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What Caused My Squib?

Discussion in 'Handloading and Reloading' started by carnaby, Dec 7, 2010.

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  1. carnaby

    carnaby Member

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    Had my first ever squib today and I want to figure out what was the cause. I loaded up 12 grains of H322 with a 160 grain Nosler Accubond for 6.8 SPC. My barrel won't stabilize the bullet with this load and it gives a big fat key-hole. I don't care about this.

    I shot some other similar loads to this one, up to 20 grains of H322, and also 18 grains, 16 gains, 14 grains, and 12 grains. The 12 grain load gave about 1000 fps or so says my chrony. Anyway, after progressing through one load at each of these powder charges, I wanted to see how consistent would be the muzzle velocities.

    Also note that the 16 and 14 grain loads cycled the action, but the 12 grain load did not. This load fired successfully and was not a squib. When I pulled the charging handle on my AR to eject the spent case, it came out easily but was covered with carbon fouling on the outside.

    I loaded up a few more 12 grain cartridges into the mag, chambered one, pulled the trigger, and *click*. That's the only sound I heard. Thought this was funny, ejected the round and all that came out was an empty case with carbon fouling on the outside, just like the last one. At that point I figured "uh-oh, probably my first squib," and I was right. The bullet was sitting in the bore just past the chamber. The entire bullet was into the rifling and no amount of smacking on a dowel down the bore would budge it. I did check to make sure that I didn't have two rounds stacked on each other.

    So what caused this squib? I'm hoping that I just somehow managed to throw a zero-charge into that case, but I'm worried about the carbon fouling. I want to shoot more of these loads, but I don't want to wreck any more barrels. Is the carbon fouling from the previous round, or did the case not seal in the chamber when this round was fired? I heard NO SOUND AT ALL except the click of the trigger and firing pin, so I'm guessing it was a zero powder charge. I weighed the rest of my 12 grain cartridges and they all have a 12 grain charge, at least nominally.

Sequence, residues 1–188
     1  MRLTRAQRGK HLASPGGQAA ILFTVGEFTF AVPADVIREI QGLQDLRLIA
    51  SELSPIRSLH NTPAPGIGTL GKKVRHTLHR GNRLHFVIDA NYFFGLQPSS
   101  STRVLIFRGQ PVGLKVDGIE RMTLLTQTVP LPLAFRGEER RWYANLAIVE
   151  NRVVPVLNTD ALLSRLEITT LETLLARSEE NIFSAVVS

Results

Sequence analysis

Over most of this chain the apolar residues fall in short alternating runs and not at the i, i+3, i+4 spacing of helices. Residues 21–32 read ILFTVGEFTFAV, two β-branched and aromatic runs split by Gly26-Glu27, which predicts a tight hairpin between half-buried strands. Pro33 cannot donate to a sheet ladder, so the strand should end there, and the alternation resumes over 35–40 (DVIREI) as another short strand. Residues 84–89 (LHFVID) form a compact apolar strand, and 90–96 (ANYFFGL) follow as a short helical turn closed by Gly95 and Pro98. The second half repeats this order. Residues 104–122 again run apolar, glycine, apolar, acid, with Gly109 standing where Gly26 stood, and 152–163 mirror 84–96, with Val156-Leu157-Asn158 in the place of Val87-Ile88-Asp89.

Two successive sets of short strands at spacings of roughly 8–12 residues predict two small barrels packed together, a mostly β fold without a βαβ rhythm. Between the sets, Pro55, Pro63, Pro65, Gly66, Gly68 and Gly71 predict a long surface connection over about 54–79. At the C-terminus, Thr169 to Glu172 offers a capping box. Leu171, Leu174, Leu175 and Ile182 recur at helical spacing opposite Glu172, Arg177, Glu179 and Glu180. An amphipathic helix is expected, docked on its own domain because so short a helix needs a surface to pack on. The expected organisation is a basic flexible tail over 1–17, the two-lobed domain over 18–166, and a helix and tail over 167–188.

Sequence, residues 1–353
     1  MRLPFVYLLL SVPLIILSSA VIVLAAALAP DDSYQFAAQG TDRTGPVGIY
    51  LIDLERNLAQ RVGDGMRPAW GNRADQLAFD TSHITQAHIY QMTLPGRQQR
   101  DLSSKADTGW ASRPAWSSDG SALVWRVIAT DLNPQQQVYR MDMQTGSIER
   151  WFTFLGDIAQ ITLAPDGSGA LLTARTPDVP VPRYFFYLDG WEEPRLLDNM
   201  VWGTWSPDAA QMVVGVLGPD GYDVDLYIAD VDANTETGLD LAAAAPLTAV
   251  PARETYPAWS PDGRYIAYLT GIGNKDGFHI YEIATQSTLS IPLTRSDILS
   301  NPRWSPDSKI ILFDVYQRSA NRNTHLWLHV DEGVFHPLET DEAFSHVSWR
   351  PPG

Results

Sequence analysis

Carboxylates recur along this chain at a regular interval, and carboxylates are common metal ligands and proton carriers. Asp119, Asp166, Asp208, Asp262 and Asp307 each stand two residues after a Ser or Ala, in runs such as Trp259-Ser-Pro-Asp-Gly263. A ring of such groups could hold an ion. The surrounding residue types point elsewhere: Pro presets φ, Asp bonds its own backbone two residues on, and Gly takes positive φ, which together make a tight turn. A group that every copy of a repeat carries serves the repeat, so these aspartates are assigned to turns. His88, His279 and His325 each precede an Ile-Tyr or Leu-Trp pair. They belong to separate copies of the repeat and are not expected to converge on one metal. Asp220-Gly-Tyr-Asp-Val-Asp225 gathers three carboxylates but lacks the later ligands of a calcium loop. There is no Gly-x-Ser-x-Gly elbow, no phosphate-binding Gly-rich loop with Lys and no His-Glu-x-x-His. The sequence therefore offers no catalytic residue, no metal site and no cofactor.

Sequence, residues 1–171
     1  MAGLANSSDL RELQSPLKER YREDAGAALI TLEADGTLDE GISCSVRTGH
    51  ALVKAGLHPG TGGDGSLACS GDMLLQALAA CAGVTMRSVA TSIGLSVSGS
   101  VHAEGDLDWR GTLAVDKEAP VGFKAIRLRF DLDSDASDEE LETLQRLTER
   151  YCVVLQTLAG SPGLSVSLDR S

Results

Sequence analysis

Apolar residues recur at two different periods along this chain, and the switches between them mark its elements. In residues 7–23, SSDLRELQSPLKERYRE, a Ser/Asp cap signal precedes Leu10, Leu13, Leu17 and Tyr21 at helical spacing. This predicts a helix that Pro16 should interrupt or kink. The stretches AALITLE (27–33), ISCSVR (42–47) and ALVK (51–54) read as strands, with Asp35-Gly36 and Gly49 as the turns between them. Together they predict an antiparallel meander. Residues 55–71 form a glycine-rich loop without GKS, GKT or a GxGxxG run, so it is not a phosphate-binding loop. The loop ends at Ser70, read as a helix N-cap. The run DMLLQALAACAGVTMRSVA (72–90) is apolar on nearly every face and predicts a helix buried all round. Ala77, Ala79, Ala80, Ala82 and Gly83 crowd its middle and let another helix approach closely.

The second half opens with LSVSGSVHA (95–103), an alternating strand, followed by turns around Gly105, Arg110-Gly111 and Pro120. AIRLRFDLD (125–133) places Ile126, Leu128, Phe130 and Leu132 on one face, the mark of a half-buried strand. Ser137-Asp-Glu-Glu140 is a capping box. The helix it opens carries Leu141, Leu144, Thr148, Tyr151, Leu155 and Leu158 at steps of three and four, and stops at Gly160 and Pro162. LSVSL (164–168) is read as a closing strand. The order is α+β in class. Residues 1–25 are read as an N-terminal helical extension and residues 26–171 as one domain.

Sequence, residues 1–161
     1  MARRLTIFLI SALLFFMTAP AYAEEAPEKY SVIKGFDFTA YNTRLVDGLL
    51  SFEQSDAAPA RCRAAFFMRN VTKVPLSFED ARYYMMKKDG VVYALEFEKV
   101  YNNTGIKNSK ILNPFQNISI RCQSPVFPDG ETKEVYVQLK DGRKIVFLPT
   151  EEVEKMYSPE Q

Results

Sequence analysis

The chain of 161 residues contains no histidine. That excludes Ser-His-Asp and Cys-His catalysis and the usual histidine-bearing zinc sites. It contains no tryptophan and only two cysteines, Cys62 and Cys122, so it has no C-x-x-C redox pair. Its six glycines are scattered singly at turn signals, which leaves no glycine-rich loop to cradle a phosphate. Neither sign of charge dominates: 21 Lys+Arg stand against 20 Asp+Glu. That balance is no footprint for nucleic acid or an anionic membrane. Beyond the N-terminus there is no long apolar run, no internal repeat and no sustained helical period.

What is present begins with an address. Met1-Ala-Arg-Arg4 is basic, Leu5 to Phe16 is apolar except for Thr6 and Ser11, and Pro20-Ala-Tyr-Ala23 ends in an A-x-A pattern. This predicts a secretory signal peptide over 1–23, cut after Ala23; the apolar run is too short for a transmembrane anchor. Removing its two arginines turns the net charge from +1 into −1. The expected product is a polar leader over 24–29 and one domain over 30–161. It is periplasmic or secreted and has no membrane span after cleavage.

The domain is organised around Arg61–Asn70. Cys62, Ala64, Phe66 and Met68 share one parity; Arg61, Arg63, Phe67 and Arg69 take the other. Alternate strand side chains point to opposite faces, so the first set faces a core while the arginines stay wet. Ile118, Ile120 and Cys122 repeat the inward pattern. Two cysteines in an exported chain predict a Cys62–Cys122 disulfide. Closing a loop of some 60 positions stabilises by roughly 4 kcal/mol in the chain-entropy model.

So what's the verdict? Did I miss the charge, or was there some other, more insidious, problem?
     
  2. Blackrock

    Blackrock Member

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    The only loads I find listed have a 115g bullet as the heaviest bullet and a minimum charge of 22g of H322.
    WHERE DID YOU GET THE DATA YOU ARE USING ???
     
  3. 68wj

    68wj Member

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    That is SOME experimenting you have going on there:eek:. What are you working on? I am amazed that any of those cycled the bolt in the first place. With a load this below min, and a bullet this above max, it is anyone's guess. I would think the excessive soot is probably from the case not expanding enough to create a good gas seal and getting blow back.
     
  4. Skip_a_roo

    Skip_a_roo Member

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    I like these kinds of questions!




    Watch me hit this one out of the park!















    What caused your first "squib"?

















    Not enough power to get the bullet to exit!




















    I love it when it is this easy!

    All kidding aside, there is a reason that there is a minimum set of data for each and every powder, friend. If you are trying to make a subsonic round so the silencer works better, use a different powder. I have a friend, it is with a 223 though, that uses Trail Boss pistol powder to get his done. They don't cycle the bolt though, but he doesn't care. All that can be heard is a "pffffffft". Pretty cool.

    All powder has a minimum pressure where they will work reliably. Get outside of that range and you cannot know what will happen until you try. Most of the time on the bottom end you will have a squib, just like you did, on the other end, catastrophic things can happen.

    The reason you had a squib is because you expected 12gr of a very slow powder to burn enough to have a heavy bullet exit a long barrel. No equipment problem, no missed load, you simply had limited knowledge about how powders work.

    The reason you had carbon on the outside of the case is because there wasn't even enough pressure in it to have it obturate (seal off) in the chamber.

    This is the reason that Hodgdon has had the warning on H110 for more years than I can count that says something to the affect: "Do not reduce maximum loads given when using this powder."

    Hopefully it wasn't arrogance that drove you to do something like this. Couple that with reloading and it is a VERY dangerous combination.
     
  5. Fleet

    Fleet Member